We have two significant events for developers and the overall ecosystem around Windows this fall. The Professional Developers Conference (PDC) on October 27 and the Windows Hardware Engineering Conference (WinHEC) the following week both represent the first venues where we will provide in-depth technical information about Windows 7. This blog will provide context over the next 2+ months with regular posts about the behind the scenes development of the release and continue through the release of the product.
In leading up to this blog we have seen a lot of discussion in blogs about what Microsoft might be trying to accomplish by maintaining a little bit more control over the communication around Windows 7 (some might say that this is a significant understatement). We, as a team, definitely learned some lessons about “disclosure” and how we can all too easily get ahead of ourselves in talking about features before our understanding of them is solid. Our intent with Windows 7 and the pre-release communication is to make sure that we have a reasonable degree of confidence in what we talk about when we do talk. Again, top of mind for us is the responsibility we feel to make sure we are not stressing priorities, churning resource allocations, or causing strategic confusion among the tens of thousands of partners and customers who care deeply and have much invested in the evolution of Windows.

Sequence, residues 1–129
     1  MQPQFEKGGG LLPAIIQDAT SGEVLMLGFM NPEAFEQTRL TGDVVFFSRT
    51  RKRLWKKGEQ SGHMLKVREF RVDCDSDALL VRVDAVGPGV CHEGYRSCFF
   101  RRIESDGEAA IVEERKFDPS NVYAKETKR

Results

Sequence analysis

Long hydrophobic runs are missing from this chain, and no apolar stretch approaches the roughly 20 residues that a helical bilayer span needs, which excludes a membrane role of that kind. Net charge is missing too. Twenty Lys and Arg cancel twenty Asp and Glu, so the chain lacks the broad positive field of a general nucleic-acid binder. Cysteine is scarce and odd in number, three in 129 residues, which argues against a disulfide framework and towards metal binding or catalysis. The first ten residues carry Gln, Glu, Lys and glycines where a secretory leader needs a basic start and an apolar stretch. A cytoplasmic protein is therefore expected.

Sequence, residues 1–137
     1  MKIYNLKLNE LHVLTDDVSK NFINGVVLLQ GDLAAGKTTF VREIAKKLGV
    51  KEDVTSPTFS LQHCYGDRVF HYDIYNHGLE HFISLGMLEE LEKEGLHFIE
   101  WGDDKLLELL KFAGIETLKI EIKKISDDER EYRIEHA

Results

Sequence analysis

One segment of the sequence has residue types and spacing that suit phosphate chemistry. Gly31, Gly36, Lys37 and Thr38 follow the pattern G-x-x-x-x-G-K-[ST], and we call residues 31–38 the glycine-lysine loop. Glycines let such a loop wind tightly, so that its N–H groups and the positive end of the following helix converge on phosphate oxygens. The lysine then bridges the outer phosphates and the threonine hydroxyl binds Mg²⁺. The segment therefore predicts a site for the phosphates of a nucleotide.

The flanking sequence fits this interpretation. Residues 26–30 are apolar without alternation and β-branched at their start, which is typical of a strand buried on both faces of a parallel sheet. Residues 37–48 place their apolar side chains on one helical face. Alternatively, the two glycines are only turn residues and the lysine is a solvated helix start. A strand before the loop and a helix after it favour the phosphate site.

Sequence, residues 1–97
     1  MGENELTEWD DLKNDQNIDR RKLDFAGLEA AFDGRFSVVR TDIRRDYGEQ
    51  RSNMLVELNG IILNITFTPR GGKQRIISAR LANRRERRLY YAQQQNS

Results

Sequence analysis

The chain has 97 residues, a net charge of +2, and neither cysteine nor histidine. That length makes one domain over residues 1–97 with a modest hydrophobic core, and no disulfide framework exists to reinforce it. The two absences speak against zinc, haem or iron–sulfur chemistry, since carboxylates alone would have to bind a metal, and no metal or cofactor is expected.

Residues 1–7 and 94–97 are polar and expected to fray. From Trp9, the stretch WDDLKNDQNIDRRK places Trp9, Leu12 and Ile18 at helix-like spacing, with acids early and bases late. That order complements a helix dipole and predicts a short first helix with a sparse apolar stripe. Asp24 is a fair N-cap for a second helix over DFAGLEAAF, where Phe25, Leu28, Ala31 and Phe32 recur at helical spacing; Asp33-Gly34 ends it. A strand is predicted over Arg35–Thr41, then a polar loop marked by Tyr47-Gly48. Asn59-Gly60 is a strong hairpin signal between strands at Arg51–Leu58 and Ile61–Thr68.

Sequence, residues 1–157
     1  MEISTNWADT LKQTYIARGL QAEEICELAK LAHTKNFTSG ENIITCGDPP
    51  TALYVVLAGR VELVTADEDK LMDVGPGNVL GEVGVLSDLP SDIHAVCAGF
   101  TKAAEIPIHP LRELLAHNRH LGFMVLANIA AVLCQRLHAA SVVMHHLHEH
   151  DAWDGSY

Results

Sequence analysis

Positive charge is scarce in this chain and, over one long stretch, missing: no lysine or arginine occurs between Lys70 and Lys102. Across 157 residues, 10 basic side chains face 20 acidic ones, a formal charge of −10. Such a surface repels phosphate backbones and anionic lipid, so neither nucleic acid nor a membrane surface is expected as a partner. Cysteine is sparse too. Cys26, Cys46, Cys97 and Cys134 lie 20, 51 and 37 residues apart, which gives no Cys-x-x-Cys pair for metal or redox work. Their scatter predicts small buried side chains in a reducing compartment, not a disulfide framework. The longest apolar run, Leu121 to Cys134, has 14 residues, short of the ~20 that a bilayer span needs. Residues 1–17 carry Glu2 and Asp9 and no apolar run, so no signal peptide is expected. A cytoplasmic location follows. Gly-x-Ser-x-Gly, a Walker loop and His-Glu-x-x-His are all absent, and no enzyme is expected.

Related to disclosure is the idea of how we make sure not to set expectations around the release that end up disappointing you—features that don’t make it, claims that don’t stick, or support we don’t provide. Starting from the first days of developing Windows 7, we have committed as a team to “promise and deliver”. That’s our goal—share with you what we’re going to get done, why we’re doing it, and deliver it with high quality and on time.
We’re excited about this blog. As active bloggers on Microsoft’s intranet we are both looking forward to turning our attention and blogging energies towards the community outside Microsoft. We know the ins and outs of blogging and expect to have fun, provide great information, and also make a few mistakes. We know we’ll misspeak or what we say will be heard differently than we intended. We’re not worried. All we ask is that we have a dialog based on mutual respect and the shared goal of making a great release of Windows 7.